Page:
As you may know, according to his book “Juiced,” Jose Canseco claims that he introduced Ivan Rodriguez to PED usage – back when Canseco was traded to the Texas Rangers (where Ivan became his teammate).
So, let’s take a look at the newest Yankee, Ivan Rodriguez, in terms of his Offensive Winning Percentage – before he met Jose Canseco, after he met Jose Canseco, and after MLB came up with a PED policy that included suspensions.
In case you’re not aware, a player’s Offensive Winning Percentage equals the percentage of games a team would win with nine of that player in its lineup, given average pitching and defense. (The formula is the square of Runs Created per 27 Outs, divided by the sum of the square of Runs Created per 27 Outs and the square of the league average of runs per game.)
Ivan’s Offensive Winning Percentage, before Jose Canseco supposedly introduced him to PEDs: .366 (in 742 PA) from 1991 to 1992 (at which time Rodriguez reportedly weighed 165 pounds).
Ivan’s Offensive Winning Percentage, after Jose Canseco supposedly introduced him to PEDs: .560 (in 6,473 PA) from 1993 to 2004 (at which time Rodriguez reportedly weighed 215 pounds).
Ivan’s Offensive Winning Percentage, after after MLB came up with a PED policy that included suspensions: .428 (in 1,948 PA) from 2005 to today (at which time Rodriguez reportedly weighs 187 pounds).
Interesting, huh? Pudge Rodriguez was a “losing” hitter, in terms of his Offensive Winning Percentage, before he met Canseco. After Jose Canseco supposedly showed him how to use PEDs, Pudge Rodriguez became a “winning” hitter. And, once MLB had a PED policy with teeth, Pudge Rodriguez became a “losing” hitter again. So, draw your own conclusions from all of this…
But, all of that is in the past, right? This season, to date, Ivan Rodriguez has an Offensive Winning Percentage of .463 (in 328 PA). Yes, that’s still a loser. But, it’s a lot better than the Offensive Winning Percentage of .230 – yes, two-thirty – that Jose Molina has fashioned for the Yankees so far this year. And, that’s why the Yankees are happy to replace Molina with Rodriguez – not because Pudge is a good hitter…more so, because, Molina is a terrible hitter.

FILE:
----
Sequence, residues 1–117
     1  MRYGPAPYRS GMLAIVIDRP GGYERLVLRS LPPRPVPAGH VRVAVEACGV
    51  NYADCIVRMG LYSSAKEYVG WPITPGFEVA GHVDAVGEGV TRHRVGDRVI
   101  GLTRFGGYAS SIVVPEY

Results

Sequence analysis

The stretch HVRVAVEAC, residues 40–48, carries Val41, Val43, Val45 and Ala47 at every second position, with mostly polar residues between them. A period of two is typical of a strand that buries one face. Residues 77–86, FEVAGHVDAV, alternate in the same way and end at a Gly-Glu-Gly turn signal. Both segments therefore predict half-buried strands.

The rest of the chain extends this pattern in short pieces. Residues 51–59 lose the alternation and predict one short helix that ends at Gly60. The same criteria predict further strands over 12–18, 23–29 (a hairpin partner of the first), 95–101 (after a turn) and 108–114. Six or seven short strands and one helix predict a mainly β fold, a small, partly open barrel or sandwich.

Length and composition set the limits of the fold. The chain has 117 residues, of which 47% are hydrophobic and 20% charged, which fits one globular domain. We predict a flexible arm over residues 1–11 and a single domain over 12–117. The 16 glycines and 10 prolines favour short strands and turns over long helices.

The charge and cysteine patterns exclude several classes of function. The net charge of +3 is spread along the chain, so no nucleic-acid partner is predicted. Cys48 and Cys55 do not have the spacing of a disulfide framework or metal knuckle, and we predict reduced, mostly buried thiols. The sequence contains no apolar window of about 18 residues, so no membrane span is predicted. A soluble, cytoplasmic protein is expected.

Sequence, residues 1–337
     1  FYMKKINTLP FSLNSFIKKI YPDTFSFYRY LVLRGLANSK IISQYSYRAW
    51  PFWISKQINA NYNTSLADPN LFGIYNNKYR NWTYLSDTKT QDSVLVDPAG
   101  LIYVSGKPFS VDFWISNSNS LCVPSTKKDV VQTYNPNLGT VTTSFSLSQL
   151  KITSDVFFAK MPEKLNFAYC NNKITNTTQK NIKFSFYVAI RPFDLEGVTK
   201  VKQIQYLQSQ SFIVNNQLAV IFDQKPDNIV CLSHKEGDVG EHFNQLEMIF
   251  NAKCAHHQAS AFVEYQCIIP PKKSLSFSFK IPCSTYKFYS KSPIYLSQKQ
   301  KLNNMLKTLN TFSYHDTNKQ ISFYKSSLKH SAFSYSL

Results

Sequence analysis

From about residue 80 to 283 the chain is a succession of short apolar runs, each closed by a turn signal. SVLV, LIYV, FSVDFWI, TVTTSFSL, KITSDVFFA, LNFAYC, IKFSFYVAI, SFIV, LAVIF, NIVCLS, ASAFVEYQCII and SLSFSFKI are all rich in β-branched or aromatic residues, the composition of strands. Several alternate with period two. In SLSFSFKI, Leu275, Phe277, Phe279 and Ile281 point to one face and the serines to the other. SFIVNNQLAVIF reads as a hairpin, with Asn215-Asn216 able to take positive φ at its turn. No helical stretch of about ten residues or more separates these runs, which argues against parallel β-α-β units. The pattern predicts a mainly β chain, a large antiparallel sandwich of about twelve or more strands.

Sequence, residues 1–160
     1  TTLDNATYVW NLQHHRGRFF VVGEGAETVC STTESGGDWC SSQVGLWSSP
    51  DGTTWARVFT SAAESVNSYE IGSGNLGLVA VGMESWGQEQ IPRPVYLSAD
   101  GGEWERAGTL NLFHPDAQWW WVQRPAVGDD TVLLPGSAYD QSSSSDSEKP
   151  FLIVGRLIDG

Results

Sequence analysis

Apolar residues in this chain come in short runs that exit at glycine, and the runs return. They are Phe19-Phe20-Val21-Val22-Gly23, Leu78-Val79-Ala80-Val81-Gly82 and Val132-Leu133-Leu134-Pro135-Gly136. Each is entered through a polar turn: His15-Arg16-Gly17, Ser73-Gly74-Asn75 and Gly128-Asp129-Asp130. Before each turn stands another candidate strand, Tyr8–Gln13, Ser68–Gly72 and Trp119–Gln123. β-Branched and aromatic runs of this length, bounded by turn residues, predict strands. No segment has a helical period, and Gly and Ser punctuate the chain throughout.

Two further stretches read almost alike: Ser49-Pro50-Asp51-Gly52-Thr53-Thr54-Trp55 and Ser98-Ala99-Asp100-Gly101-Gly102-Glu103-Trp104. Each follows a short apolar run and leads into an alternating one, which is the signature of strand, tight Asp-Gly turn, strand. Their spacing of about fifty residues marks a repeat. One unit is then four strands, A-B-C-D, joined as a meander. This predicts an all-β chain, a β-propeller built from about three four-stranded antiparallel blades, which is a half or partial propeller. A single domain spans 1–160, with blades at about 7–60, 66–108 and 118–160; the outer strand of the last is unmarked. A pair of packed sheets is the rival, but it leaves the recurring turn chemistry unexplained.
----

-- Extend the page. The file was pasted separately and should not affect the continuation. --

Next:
How about defense? We know that Jose Molina is a very good defensive catcher. How about Pudge? Is it all rep, or, is he really that good behind the dish?
Well, in The Hardball Times Baseball Annual 2008, Tom Tango looked at 167 catchers who were behind the plate for at least 15,000 batters since 1957 – and figured out who were the best, relatively speaking, in terms of defense. And, for guys who caught in nine seasons or more, Pudge Rodriguez was the best – followed by Rick Dempsey, Jim Sundberg, Gary Carter, Johnny Bench, Bob Boone, Brad Ausmus, Lance Parrish, and Thurman Munson.
However, Tom Tango noted that Pudge Rodriguez got most of his “points” for controlling the running game – and was not great in the preventing wild pitches or passed balls department. (Rodriguez’ issue with blocking pitches has also been noted in a study by Dan Turkenkopf done earlier this year.)
So, it’s not as if Ivan Rodriguez is a great defensive catcher in terms of receiving the ball – he’s only great in terms of throwing it.
This all said…I would recommend that the Yankees, and their fans, expect “this” from Pudge over the next two months (while he’s in New York): Twice as much offense as Molina provided – but not great production – and about the same value as Molina in terms of throwing out runners (but not as much value as Molina in terms of blocking pitches).